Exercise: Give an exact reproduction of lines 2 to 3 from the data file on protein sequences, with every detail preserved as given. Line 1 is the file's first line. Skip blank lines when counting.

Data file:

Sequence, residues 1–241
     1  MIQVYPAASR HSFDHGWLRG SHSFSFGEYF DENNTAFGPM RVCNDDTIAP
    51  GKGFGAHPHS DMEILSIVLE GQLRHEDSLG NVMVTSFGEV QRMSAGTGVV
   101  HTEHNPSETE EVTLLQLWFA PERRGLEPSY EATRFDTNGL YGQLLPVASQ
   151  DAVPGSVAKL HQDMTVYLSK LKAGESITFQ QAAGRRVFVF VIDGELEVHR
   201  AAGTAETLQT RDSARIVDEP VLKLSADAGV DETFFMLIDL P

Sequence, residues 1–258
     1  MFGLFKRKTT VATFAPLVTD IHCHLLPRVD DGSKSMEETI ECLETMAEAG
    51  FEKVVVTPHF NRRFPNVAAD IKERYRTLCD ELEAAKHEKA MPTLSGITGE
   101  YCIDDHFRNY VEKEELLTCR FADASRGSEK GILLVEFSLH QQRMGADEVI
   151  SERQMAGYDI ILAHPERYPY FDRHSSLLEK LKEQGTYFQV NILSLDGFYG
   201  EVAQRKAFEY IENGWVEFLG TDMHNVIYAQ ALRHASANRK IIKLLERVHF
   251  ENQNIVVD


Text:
     1  MIQVYPAASR HSFDHGWLRG SHSFSFGEYF DENNTAFGPM RVCNDDTIAP
    51  GKGFGAHPHS DMEILSIVLE GQLRHEDSLG NVMVTSFGEV QRMSAGTGVV